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IPFS News Link • Trump Administration

Michael Flynn Turns State's Evidence?

• - Tracy Beanz

Why would Michael T. Flynn lie about his contacts with the Russian ambassador concerning perfectly normal communications during the Trump transition? It may be plausible to speculate that he was chosen to fall on his sword for the purpose of telling what he knows about the criminal activities of the Obama administration. It would seem to explain his motive for lying about perfectly normal activities of the Trump Transition Team.

In short, the contacts were in no way criminal. Indeed, they were perfectly acceptable and normal in the context of the Presidential transition. That's why ambassadors exist - to serve as a channel of communication between governments, including incoming administrations. Consider the following facts:

1. The maximum penalties for the charges against Flynn are 5 years in prison and $250,000 in fines.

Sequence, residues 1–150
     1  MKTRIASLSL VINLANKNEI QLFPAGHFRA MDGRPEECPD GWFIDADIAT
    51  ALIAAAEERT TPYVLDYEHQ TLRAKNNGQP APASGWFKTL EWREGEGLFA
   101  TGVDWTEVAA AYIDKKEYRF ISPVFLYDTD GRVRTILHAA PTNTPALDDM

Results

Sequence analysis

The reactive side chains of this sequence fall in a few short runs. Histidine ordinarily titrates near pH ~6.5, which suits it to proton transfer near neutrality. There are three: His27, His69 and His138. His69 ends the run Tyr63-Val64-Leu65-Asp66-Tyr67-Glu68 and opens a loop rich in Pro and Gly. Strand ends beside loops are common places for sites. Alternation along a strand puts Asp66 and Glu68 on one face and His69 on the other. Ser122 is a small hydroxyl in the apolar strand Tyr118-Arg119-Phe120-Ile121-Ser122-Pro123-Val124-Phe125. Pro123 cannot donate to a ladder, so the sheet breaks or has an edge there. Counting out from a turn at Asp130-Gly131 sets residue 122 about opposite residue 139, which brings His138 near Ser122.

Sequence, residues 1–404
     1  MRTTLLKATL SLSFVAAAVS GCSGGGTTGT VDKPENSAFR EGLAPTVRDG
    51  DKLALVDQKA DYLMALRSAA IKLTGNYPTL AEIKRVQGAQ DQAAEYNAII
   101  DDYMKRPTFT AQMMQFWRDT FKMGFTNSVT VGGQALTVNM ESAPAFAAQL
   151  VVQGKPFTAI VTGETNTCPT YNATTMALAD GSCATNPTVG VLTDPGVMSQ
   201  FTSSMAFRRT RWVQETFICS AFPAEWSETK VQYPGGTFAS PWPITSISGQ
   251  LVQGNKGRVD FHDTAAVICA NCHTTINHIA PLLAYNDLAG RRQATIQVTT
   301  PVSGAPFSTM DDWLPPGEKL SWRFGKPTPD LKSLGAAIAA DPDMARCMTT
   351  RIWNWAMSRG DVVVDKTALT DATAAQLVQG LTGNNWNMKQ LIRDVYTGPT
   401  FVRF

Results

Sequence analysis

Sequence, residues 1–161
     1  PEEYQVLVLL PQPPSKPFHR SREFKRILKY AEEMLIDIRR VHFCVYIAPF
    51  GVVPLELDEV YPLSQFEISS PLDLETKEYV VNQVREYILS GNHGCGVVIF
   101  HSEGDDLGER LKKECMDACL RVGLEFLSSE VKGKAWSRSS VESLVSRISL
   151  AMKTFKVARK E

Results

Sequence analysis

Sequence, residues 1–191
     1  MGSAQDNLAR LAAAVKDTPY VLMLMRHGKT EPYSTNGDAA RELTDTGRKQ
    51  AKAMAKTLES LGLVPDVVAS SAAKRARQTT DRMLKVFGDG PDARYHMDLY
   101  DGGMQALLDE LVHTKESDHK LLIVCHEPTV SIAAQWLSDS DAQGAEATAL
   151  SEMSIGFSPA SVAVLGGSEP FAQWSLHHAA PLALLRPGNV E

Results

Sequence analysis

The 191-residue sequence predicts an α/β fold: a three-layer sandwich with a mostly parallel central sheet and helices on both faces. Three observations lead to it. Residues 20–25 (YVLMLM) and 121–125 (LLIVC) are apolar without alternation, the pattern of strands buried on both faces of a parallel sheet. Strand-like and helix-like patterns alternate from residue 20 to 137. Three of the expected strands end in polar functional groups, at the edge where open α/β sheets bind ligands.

2. Under sentencing guidelines for someone with Flynn's record and set out in his plea agreement the government will seek NO MORE THAN 6 months in jail and $9500 in fines provided that -

3. Flynn cooperates with the government and provides all the information he has concerning unspecified criminal behavior on the part of unspecified parties - to include operating undercover to obtain information.

According to Wikipedia, Flynn "was appointed by President Barack Obama as the eighteenth director of the Defense Intelligence Agency, serving from July 2012 to his retirement from the military in August 2014." Is it possible that during his tenure as the director of the DIA he gained information about criminal activity by the Obama administration, perhaps related to certain events that took place in Benghazi on or about September 11, 2012?

It's certainly the subject of rampant speculation as to just what sort of incriminating evidence Flynn could provide to investigators. But the interesting aspect is that his connection to the Trump administration was both short and, except for lying to investigators, seemingly normal. Anyone with experience in plea deals will recognize this as a ploy to garner the cooperation of a witness to avoid prosecution, or provide cover for giving up larger players in the investigation. +++